UCP candidate suggests heart attack victims should take personal accountability
A United Conservative Party candidate is suggesting heart attack victims should take more personal accountability.
Chelsae Petrovic, the UCP candidate for Livingstone-Macleod, who is also the current mayor of Claresholm and a nurse, said she sees people suffer from heart attacks and not take responsibility for the own health.
“This might be political suicide here, what I’m about to say,” she prefaced her comments during an interview in February with a podcast called The Canadian Story, hosted by David Parker and Zach Gerbe.
“We can look at this and I see it in health care, I’m going to say it: maybe the reason you had a heart attack was because you haven’t taken care of yourself; You’re extremely overweight, you haven’t managed your congestive heart failure, you haven’t managed your diabetes, and there’s no personal accountability,” Petrovic said.
“But they come into the hospital and it’s all of a sudden everyone else’s problem but their own.”
Mount Royal University Political Scientist Duane Bratt said while he agrees personal choices could lead to health risks, he calls Petrovic’s comments tone deaf.
“Any time a candidate on the eve of an election begins by saying this may be political suicide, that should be a hint that you should stop talking — but she continues,” Bratt said.
“What she is saying is correct: there are risky activities that people do that has an impact on our health-care system, but who is to judge what behaviours are acceptable and what behaviours are not?”
He said Petrovic doesn’t really suggest any specific health policies and wonders what specific health policy changes she would like to see.
“Should [health-care providers] say, ‘Yes you had a heart attack, but you’re fat so we’re not going to treat you’? or ‘It’s your fault’? or ‘We’re going to extra bill you?’”
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In a statement to Global News, Petrovic acknowledges her language could be offensive but does not apologize for it.
“This comment was taken out of context. I was speaking for several minutes about the challenges our health-care system is currently facing, not only as the mayor of Claresholm, but as a frontline nurse,” her statement read.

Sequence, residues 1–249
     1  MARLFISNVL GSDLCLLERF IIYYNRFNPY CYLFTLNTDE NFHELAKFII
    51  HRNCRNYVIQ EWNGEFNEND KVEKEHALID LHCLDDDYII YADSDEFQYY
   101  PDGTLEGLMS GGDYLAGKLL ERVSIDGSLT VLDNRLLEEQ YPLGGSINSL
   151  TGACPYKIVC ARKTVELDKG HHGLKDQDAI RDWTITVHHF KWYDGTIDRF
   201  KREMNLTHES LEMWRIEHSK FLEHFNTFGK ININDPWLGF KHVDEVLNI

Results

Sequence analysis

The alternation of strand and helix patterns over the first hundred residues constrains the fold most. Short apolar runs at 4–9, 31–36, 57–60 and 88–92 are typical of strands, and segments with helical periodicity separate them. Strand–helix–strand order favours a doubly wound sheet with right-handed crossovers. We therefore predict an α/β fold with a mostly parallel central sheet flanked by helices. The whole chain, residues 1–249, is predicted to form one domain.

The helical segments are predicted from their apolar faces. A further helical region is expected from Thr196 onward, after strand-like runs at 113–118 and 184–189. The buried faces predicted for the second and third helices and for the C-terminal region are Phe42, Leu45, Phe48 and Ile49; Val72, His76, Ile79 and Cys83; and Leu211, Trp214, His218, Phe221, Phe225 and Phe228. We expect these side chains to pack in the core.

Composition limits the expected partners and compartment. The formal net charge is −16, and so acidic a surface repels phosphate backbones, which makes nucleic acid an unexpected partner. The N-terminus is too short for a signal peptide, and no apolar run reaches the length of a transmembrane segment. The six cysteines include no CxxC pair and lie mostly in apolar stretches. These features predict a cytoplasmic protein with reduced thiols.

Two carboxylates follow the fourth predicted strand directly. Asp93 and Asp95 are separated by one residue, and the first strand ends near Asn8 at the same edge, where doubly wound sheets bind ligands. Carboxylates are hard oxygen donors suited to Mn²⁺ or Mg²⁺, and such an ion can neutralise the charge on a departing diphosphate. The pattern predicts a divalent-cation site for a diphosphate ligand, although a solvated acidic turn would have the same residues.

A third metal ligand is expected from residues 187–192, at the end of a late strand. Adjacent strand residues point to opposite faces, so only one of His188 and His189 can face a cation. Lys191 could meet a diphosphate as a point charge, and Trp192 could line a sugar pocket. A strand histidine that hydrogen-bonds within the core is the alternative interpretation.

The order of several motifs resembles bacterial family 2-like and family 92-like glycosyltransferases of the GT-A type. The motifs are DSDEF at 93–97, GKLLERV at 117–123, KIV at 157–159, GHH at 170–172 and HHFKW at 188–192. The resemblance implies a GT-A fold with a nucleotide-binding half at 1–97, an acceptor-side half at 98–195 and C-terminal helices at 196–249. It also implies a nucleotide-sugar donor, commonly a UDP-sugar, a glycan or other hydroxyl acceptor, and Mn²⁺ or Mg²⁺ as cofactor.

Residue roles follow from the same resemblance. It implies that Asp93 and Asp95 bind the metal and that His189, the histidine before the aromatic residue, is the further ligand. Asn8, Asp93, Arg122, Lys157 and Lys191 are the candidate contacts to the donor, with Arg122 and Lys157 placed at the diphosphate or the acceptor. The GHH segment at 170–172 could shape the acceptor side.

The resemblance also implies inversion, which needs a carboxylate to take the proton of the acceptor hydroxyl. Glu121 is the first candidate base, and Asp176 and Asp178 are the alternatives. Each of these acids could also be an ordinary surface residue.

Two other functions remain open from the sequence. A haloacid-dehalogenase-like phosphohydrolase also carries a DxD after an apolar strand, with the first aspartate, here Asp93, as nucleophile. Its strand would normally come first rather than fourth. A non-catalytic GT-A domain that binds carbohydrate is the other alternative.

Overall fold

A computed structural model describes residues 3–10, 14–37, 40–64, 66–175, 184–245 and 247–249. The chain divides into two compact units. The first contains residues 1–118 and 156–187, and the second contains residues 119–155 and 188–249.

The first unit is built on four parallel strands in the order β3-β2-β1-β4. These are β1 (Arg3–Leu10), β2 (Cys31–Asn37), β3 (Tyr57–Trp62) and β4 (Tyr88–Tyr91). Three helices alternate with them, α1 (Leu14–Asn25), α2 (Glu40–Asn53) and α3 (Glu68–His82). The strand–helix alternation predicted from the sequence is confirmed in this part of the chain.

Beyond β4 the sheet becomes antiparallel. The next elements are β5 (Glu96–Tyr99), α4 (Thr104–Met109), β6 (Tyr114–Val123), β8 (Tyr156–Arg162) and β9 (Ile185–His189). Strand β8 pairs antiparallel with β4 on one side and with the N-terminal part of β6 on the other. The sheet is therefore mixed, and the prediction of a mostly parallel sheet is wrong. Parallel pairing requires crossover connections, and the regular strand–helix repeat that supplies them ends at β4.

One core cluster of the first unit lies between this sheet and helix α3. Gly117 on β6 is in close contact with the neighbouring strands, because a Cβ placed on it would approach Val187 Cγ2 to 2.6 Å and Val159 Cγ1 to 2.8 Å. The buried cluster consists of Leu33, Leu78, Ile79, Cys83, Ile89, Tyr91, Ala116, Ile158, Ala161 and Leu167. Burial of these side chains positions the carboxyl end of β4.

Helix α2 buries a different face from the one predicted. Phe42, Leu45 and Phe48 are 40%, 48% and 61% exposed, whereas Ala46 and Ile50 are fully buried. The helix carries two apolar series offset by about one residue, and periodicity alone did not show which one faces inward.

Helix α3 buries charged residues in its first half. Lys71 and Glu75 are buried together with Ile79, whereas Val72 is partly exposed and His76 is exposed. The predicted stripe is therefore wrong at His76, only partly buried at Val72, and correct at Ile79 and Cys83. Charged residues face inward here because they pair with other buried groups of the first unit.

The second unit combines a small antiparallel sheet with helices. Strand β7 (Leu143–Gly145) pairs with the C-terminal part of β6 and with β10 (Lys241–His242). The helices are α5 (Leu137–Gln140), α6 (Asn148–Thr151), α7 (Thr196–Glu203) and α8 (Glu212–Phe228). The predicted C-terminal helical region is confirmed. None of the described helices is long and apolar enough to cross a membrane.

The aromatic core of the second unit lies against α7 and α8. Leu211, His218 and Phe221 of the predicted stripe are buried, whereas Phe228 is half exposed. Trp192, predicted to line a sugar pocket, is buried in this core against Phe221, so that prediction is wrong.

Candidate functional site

“I understand my comment could be offensive when removed from the longer interview, and I should have chosen better language. I believe we should be a province that not only focuses on reactive health for those in need but also one that teaches our kids to practice healthy living, which includes taking care of our physical and mental health.”
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Bratt says we’ve seen this sort of argument made a couple years ago and it didn’t go well.
“This was a debate that Albertans had on the margins during the battle over COVID vaccinations, and whether those unvaccinated catching COVID [then] going into ICU should be treated or not, and that was roundly condemned for even thinking about that,” Bratt added.
“This, I think, is the same thing. Are you going to say, ‘Yeah you had a heart attack, too bad, maybe you should’ve taken care of yourself?’”
The UCP has seen controversy over controversial health comments in the past.
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Danielle Smith was slammed for cancer misinformation before she became premier.
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In March, Torry Tanner, who was the UCP candidate for Lethbridge-West, resigned after she posted a video of herself making allegations that Kindergarten teachers were showing children pornographic material and helping kids change their gender identities without parental consent or knowledge.
The party distanced itself from Tanner’s claims and denounced her views.
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